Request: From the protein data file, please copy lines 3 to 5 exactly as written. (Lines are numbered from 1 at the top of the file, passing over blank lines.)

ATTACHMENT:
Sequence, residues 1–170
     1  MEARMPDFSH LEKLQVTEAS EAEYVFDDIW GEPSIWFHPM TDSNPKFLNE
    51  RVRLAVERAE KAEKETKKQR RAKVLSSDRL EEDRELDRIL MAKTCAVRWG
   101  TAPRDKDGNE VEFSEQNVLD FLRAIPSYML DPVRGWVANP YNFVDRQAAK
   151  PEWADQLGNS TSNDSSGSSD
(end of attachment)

    51  RVRLAVERAE KAEKETKKQR RAKVLSSDRL EEDRELDRIL MAKTCAVRWG
   101  TAPRDKDGNE VEFSEQNVLD FLRAIPSYML DPVRGWVANP YNFVDRQAAK
   151  PEWADQLGNS TSNDSSGSSD